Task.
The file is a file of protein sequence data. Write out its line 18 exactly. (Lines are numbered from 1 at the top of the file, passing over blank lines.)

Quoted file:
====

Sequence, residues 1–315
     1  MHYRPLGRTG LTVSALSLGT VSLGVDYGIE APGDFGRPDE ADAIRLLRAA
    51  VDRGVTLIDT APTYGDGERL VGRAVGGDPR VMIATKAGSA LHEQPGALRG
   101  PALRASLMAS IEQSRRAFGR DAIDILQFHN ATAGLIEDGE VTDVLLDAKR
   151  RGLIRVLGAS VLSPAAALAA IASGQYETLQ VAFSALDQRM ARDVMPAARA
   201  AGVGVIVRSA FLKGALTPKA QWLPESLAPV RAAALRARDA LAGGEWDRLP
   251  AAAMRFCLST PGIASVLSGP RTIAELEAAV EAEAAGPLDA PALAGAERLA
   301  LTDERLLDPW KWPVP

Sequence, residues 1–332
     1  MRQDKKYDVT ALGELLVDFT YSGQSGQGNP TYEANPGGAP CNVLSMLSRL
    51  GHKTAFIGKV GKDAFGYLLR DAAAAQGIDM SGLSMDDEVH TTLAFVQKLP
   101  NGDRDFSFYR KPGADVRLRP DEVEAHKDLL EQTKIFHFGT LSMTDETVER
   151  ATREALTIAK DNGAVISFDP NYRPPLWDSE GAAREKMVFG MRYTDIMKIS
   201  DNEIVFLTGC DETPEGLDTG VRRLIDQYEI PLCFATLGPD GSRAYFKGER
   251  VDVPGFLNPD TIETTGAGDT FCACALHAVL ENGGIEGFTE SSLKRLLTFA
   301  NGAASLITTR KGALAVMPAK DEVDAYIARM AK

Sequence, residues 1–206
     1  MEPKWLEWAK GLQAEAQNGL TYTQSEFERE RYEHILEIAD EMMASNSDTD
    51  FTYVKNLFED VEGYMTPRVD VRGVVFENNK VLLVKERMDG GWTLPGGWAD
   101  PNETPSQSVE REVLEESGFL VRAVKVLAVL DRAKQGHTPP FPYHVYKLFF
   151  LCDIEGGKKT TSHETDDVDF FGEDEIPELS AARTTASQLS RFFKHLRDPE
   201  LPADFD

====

     1  MEPKWLEWAK GLQAEAQNGL TYTQSEFERE RYEHILEIAD EMMASNSDTD